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Anne Marie McAleese on the secret formula behind 25 years of Radio Ulster's Your Place and Mine

By Ivan Little

Published 04/05/2016

Presenter Anne Marie McAleese
Presenter Anne Marie McAleese
A young Anne Marie in her native Portstewart
Young Anne Marie with singer Daniel O’Donnell
Anne Marie playing golf with snooker star Dennis Taylor and singer Rose-Marie

The ubiquitous Anne Marie McAleese doesn’t need any sat nav devices or maps to guide her around the highways and byways of Northern Ireland. You could blindfold the popular BBC Radio Ulster presenter and leave her off in the remotest corner of the province and she’d probably recognise it in an instant.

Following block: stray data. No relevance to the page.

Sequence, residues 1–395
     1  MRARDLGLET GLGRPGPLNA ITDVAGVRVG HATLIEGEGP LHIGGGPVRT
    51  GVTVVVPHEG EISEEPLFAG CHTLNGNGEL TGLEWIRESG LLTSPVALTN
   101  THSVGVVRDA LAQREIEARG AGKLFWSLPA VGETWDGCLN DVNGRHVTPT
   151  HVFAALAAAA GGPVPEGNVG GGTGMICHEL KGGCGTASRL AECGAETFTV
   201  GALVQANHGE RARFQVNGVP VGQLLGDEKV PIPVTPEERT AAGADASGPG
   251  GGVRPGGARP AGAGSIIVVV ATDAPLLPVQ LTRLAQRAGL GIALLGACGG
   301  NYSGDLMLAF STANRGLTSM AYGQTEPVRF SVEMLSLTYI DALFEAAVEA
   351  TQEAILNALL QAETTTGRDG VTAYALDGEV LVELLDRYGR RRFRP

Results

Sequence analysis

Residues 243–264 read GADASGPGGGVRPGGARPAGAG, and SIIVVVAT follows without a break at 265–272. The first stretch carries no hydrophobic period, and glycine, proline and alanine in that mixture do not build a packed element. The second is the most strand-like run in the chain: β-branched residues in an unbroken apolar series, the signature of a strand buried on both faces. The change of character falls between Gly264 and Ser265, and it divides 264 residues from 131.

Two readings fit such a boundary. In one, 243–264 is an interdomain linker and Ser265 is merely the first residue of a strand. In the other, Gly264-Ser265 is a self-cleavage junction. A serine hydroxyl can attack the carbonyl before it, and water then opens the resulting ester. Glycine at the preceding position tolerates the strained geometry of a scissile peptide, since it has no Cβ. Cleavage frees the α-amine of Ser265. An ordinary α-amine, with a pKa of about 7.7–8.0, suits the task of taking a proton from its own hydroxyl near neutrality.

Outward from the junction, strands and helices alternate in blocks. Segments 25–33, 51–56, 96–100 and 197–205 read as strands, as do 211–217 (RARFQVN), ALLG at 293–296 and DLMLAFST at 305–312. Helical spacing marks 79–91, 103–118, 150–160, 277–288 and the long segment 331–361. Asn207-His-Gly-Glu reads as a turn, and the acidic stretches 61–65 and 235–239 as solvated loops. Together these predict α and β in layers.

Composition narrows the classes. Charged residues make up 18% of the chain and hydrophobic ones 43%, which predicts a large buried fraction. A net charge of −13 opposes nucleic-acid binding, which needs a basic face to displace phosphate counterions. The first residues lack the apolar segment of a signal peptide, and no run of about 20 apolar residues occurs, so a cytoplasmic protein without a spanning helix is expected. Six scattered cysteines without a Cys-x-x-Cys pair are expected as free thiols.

Because there’s hardly anywhere — be it your place or mine — that Anne Marie hasn’t visited on her quest for stories for her Saturday morning programme, which just happens to be called Your Place And Mine.

And the longevity of the show, which they call YPAM for short, is quite a tale in its own right.

For it’s 25 years since the first airing of a programme that has managed to make everything from sheep farming to shipwrecks, architecture to archery, sound fascinating in reports the more mainstream broadcasters wouldn’t touch.

Anne Marie was in the hot seat on that momentous debut day, and though the effervescent 51-year-old self-confessed chatterbox from Portstewart has gone on to present a wide range of other programmes, she’s back at the helm of the highly-rated Your Place And Mine, which she likens to a first romance. “For me it’s a love affair, and you never forget your first love” she said.

Yet it was by pure chance Anne Marie became a broadcaster at all. Her first ‘proper’ job was in the Press office of the old Lyric Theatre in Belfast in the Eighties, and her introduction to the business was a tough sell.